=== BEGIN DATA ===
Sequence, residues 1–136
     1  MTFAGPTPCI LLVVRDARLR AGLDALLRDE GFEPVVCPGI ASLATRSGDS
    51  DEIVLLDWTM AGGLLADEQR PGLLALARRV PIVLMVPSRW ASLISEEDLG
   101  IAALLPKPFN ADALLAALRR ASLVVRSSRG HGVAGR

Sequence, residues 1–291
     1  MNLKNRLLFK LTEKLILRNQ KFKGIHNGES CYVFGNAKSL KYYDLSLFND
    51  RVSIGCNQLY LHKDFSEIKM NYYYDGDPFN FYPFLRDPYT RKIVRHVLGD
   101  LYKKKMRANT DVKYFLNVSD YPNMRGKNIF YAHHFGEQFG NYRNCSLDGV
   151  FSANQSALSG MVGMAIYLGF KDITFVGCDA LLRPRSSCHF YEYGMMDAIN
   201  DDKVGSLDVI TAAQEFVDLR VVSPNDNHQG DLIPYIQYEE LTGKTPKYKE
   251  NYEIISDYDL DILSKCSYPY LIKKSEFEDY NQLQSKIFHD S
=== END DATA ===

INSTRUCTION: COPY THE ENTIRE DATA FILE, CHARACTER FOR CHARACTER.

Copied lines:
Sequence, residues 1–136
     1  MTFAGPTPCI LLVVRDARLR AGLDALLRDE GFEPVVCPGI ASLATRSGDS
    51  DEIVLLDWTM AGGLLADEQR PGLLALARRV PIVLMVPSRW ASLISEEDLG
   101  IAALLPKPFN ADALLAALRR ASLVVRSSRG HGVAGR

Sequence, residues 1–291
     1  MNLKNRLLFK LTEKLILRNQ KFKGIHNGES CYVFGNAKSL KYYDLSLFND
    51  RVSIGCNQLY LHKDFSEIKM NYYYDGDPFN FYPFLRDPYT RKIVRHVLGD
   101  LYKKKMRANT DVKYFLNVSD YPNMRGKNIF YAHHFGEQFG NYRNCSLDGV
   151  FSANQSALSG MVGMAIYLGF KDITFVGCDA LLRPRSSCHF YEYGMMDAIN
   201  DDKVGSLDVI TAAQEFVDLR VVSPNDNHQG DLIPYIQYEE LTGKTPKYKE
   251  NYEIISDYDL DILSKCSYPY LIKKSEFEDY NQLQSKIFHD S